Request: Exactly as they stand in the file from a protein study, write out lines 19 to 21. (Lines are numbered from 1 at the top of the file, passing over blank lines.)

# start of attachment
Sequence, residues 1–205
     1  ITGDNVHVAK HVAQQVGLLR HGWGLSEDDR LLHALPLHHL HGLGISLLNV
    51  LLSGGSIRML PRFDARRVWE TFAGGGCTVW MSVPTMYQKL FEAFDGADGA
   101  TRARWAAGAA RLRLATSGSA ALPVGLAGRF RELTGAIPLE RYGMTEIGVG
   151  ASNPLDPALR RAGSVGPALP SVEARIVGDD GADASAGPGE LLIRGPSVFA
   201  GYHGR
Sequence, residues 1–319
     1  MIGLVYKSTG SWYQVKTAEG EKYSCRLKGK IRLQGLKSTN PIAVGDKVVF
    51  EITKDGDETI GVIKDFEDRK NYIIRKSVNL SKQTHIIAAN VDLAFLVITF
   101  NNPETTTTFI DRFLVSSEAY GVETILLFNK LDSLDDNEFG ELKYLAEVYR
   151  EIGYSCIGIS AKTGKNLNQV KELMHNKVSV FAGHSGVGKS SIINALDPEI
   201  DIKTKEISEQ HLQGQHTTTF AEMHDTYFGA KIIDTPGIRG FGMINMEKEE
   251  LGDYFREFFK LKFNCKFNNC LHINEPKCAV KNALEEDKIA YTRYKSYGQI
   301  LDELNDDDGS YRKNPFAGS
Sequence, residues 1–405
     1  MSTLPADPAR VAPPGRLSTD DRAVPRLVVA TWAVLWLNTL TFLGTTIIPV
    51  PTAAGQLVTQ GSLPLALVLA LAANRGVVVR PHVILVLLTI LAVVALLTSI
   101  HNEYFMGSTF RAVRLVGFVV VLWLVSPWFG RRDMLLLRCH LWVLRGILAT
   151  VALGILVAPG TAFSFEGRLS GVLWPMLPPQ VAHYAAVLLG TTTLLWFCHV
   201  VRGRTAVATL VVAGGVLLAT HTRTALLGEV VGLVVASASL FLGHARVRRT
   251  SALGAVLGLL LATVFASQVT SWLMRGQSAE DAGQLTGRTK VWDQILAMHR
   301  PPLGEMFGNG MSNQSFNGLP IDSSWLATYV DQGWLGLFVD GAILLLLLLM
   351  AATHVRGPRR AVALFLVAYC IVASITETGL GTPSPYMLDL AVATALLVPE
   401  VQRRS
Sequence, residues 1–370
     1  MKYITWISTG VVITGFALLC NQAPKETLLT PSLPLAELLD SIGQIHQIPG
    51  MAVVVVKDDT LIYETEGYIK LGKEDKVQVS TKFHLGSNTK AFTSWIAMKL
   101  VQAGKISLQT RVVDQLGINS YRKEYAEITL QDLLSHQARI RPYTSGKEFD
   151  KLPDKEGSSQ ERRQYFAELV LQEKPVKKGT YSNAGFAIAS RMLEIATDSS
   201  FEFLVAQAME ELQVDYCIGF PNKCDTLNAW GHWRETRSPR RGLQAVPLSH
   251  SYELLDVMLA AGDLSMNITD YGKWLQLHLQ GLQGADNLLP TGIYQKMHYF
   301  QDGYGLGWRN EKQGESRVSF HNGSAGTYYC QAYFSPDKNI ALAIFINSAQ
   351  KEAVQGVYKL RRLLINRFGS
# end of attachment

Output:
   151  VALGILVAPG TAFSFEGRLS GVLWPMLPPQ VAHYAAVLLG TTTLLWFCHV
   201  VRGRTAVATL VVAGGVLLAT HTRTALLGEV VGLVVASASL FLGHARVRRT
   251  SALGAVLGLL LATVFASQVT SWLMRGQSAE DAGQLTGRTK VWDQILAMHR